On Wednesday, the news broke that U.S. Supreme Court Justice Stephen Breyer will retire at the end of this year's term. The National Review reported:
U.S. Supreme Court Justice Stephen Breyer plans to retire at the end of the Court’s current term after serving for 27 years, providing President Biden his first opportunity to appoint a justice to the High Court.Read more
During a live-streamed interview on Tuesday, Democrat House Leader Steny Hoyer echoed President Joe Biden's position that the 2022 midterm elections could be "illegitimate" if Democrats fail to pass their radical elections bills. Politico reported:
Hoyer said the Democrats' push to pass voting rights legislation is “very much alive,” but he referenced the same strategy that failed Democrats last week. “We either need to change the rules, or get 60 votes [in the Senate],” he said.Read more
The U.S. Supreme Court announced on Monday that it will hear two separate challenges to race-based admissions policies at Harvard University and the University of North Carolina. The National Review reported:
The Court will hear challenges by non-profit Students for Fair Admissions against Harvard University and the University of North Carolina. The group alleges that Harvard discriminates against Asian applicants, and that UNC uses race in admissions even though “race-neutral alternatives can achieve diversity.”Read more
On Tuesday, NPR's Nina Totenberg issued a report claiming that conservative Supreme Court Justice Neil Gorsuch refused to mask-up during oral arguments earlier this month despite a request from Chief Justice John Roberts to do so out of respect for Justice Sonia Sotomayor. The report stated:
They all did. Except Gorsuch, who, as it happens, sits next to Sotomayor on the bench. His continued refusal since then has also meant that Sotomayor has not attended the justices' weekly conference in person, joining instead by telephone.Read more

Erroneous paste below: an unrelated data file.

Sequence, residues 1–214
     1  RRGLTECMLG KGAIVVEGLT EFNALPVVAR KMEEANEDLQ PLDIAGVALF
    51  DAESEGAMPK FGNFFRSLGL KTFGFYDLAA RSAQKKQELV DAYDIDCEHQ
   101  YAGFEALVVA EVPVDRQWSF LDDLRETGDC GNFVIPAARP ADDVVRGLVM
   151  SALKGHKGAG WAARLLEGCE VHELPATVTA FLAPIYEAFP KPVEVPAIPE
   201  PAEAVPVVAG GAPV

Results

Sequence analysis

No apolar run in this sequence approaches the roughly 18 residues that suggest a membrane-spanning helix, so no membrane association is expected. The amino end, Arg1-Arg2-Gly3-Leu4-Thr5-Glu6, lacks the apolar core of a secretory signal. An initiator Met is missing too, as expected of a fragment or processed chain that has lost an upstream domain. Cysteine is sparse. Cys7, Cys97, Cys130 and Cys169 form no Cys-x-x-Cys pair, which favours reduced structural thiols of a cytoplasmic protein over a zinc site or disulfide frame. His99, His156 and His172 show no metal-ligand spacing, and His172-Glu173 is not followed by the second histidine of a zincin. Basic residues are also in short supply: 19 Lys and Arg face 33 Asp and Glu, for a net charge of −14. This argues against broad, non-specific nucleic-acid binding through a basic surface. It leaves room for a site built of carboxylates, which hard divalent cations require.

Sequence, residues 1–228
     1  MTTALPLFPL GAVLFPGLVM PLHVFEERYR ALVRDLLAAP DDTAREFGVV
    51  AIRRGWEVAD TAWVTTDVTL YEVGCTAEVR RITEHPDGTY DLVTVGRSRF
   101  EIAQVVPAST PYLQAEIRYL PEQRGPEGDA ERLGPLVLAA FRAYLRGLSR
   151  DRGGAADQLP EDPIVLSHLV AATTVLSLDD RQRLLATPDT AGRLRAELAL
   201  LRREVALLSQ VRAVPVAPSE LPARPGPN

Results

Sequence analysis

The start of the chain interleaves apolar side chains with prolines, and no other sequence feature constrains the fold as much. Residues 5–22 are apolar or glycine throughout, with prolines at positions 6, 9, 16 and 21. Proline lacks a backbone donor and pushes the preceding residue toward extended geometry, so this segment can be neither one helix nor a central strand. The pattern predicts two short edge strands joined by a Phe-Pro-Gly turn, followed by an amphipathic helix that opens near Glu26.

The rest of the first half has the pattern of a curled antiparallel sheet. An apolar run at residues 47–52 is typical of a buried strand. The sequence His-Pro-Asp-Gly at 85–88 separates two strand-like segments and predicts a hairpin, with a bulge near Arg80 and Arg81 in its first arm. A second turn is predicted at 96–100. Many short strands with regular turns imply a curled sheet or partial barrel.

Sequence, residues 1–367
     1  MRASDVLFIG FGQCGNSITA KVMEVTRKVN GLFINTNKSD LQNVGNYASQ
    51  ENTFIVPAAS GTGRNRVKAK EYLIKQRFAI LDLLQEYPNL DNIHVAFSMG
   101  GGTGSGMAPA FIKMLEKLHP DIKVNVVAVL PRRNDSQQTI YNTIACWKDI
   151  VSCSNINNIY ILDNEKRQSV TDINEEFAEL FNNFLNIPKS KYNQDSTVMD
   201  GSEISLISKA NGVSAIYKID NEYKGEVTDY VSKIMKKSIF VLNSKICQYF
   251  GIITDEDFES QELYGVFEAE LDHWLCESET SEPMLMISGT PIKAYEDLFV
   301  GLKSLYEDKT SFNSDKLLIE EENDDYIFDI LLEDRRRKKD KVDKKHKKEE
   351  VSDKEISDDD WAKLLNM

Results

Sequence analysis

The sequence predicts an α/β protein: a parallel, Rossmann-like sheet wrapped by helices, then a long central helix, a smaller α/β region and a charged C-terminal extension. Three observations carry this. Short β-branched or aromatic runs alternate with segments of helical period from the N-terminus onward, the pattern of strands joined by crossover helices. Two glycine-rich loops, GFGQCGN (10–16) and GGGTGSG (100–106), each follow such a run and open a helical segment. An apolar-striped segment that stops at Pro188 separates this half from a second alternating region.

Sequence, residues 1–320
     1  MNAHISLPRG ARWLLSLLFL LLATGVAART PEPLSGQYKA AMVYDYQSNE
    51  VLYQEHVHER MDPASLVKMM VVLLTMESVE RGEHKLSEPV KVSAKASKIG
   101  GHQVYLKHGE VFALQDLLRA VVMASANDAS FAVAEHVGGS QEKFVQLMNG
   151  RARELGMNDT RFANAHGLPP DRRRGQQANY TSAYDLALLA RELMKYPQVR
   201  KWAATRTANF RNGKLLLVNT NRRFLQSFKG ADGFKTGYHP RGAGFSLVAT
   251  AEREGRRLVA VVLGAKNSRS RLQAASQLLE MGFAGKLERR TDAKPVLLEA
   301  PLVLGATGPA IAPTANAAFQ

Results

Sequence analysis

The Senate debated the Freedom to Vote: John R. Lewis Act all day yesterday and well into the night. This is the latest effort by Democrats on Capitol Hill to take over election regulation, ensure Washington bureaucrats control election rules, violate donor privacy, infringe on First Amendment rights, fund campaigns with federal dollars, and entrench Democrat power for decades to come.Read more
On Tuesday, the Senate officially began consideration of the Democrats' latest partisan power grab, the "Freedom to Vote: John R. Lewis Act."Read more
President Joe Biden's rhetoric on elections went too far this week.
Biden has continued to wrongly compare Republican-backed state election reforms to the Jim Crow era South, which is ludicrous. But in a speech this week designed to pressure Senators into abolishing the legislative filibuster so that Biden's radical federal takeover of elections could pass, Biden did the unforgivable and compared elected officials who disagree with him to the likes of Bull Connor, George Wallace, and Jefferson Davis. That's right, Biden compared Members of Congress like Tim Scott, Burgess Owens, and Byron Donalds to radical segregationists and the president of the confederacy.
I really don’t think people fully understand yet how much Tuesday’s speech permanently damaged the Biden Presidency. There is no pivoting back after that demagogic display.https://t.co/YeSeaVcJNq pic.twitter.com/nNRf061uUD— AG (@AGHamilton29) January 14, 2022
The problems continue with President Joe Biden's judicial nominees. Of particular concern is Nancy Abudu, who Biden recently nominated to serve on the U.S. Court of Appeals for the 11th Circuit. Concerns with her nomination should come as no surprise considering Abudu currently works as the Southern Poverty Law Center's Strategic Litigation Director. Some of Abudu's most outlandish remarks concern her opinions on election integrity measures.Read more